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License or Contract?: the form of the Open Source license September 7, 2011

Posted by Brandon in Tenet Forum - The Law.
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In looking at open source licenses, you may discover that there are basic assumptions overlooked in most of the research involving the General Public License, or GPL.  This question never seems to be asked: is the GPL an actual license, or is it a contract?  The answer may have implications for enforcement and remedies when the GPL is alleged to be breached.  Fortunately, there is some discussion of the topic, but the issue is yet to be resolved.  Problems may lie ahead for the open source community if these agreements are ultimately challenged.

Copyright v. Contract

Copyrighted works are often licensed, not sold.  Copyright licenses are governed by federal law, where the remedy for breaching an agreement is an injunction, attorney’s fees and statutory damages.   Contract law however is governed by state law, which can garner damages for violations of express and non-express terms, as well as specific performance.  The consequences of this is that if the GPL is deemed a license, the owners of the open source code may not be able to enforce the clauses governing free distribution or regulating the integrity of the code.

There is a small but growing debate whether the GPL is a license or a contract.  Some believe that the GPL is a type of contract known as a browsewrap agreement.  At lease one court has taken this view, noting that some terms may be viewed as covenants under a contract, not license conditions, for example by number of users.  See Netbula LLC v. Storage Technology Corp., 2008 WL 228036 (N.D. Cal., 2008). Otherwise, it could also be a unilateral contract without express acceptance, until the GPL code is modified or distributed, where the agreement then becomes a bilateral contract.

However, this view is undermined by the fact that there are many ambiguous or missing terms in the GPL, such as a termination provision. Also,  browsewrap agreements are not recognized in all jurisdictions.  More importantly, when it comes to damages, contracts may not be a preferable view of the GPL from the licensor’s point of view.  This is because there would be no expectation damages.  The licensor of open source code does not expect or demand any financial compensation.  There are no expected earnings to be made from the open source code itself.  It is given away for free.  For that reason, plaintiff’s may argue that the GPL is not a contract at all.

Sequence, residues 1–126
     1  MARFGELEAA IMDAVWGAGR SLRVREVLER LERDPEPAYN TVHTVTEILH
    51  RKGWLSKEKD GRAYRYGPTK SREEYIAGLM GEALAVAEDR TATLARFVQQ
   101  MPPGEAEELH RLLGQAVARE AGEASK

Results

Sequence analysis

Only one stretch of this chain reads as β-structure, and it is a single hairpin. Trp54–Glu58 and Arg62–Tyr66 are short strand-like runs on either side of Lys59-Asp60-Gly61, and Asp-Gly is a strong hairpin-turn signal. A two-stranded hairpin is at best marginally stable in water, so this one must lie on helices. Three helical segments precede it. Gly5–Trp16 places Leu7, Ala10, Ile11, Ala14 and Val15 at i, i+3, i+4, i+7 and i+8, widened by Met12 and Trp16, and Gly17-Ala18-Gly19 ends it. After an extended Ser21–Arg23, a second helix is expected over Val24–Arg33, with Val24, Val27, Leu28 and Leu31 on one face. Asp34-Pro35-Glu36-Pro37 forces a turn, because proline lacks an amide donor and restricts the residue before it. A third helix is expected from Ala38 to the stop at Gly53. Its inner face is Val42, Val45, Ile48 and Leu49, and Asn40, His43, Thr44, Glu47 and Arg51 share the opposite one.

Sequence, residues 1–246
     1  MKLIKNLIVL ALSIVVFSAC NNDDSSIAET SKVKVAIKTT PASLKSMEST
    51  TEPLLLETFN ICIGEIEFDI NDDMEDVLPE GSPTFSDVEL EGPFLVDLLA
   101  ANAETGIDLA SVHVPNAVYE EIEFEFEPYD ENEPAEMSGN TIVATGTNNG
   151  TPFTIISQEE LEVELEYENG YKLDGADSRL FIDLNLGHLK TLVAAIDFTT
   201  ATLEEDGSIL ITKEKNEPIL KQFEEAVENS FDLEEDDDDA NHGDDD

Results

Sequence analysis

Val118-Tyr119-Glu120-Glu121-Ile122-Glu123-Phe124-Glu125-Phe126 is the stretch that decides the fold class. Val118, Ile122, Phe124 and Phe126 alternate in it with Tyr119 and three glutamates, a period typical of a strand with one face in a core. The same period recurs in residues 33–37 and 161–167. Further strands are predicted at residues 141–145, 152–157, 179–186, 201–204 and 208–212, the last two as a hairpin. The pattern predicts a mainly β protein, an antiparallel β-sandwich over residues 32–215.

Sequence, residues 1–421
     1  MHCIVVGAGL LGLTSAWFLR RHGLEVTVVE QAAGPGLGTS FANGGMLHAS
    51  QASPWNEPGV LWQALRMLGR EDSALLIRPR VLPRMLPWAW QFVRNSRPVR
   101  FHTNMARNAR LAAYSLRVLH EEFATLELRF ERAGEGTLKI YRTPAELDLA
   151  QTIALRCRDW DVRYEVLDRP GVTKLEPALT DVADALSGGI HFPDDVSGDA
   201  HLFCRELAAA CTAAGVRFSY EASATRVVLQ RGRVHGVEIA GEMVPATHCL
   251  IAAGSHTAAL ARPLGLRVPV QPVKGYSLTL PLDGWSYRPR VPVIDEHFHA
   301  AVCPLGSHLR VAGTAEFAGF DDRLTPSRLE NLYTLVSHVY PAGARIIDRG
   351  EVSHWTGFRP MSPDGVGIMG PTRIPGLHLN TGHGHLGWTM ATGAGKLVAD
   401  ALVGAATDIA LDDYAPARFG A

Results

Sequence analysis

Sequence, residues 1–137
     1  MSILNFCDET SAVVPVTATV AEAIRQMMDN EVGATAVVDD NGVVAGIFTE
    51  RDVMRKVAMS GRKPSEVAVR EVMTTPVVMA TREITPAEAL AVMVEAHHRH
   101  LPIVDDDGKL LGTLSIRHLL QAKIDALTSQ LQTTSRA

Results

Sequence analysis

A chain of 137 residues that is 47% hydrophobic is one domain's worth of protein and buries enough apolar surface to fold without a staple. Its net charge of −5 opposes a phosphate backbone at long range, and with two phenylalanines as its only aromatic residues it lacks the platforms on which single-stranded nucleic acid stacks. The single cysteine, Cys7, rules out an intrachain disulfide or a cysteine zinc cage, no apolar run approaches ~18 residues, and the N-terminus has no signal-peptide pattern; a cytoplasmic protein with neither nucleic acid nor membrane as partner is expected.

Unsurpringly, the enforcers of the GPL [the Free Software Foundation] and some circuit courts view the GPL as a license. See Eben Moglen, Enforcing the GNU GPL, The Free Software Foundation, September 10, 2001;  Jacobsen v Katzer, 535 F.3d 1373 (Fed. Cir., 2008).  The courts rest their analysis on the fact that open source licenses state “provided that”, which implies a condition to a license, not a covenant to a contract.  This is the property rights theory.  Any material breach of the GPL would result in revocation of the license, which leads to copyright infringement liability for the defendant licensee.  By viewing the GPL as a license, the owners of the code can refuse to extend the right to use for any subsequent user of GPL code.  This may get around issues of privity, where users who do not agree to the GPL directly with the owners of code may be free to use it.

However, the remedy would still be limited to damages and an injunction from further use.  There is a concern that the licensor could not enforce the distribution of his or her code by simply withdrawing consent to those who threaten to breach the GPL terms.  Specific performance is not available under the copyright act, only under contract, and even then it is a disfavored remedy.  Therefore, there is no easy answer for whether the GPL is a license or contract, because the law is always catching up to the technology and implications for both have downsides.

Massachusetts

Massachusetts for the moment has shelved the issue.  Until specific legislation has passed, Massachusetts courts will treat software licenses as contracts subject to the UCC.  See I. Lan Systems v. Netscout Service Level Corp 183 F. Supp. 2d 328, 331 (D. Mass., 2002).  At this time, there is no such legislation in Massachusetts, and therefore this state may not be a favorable venue for defending the GPL.

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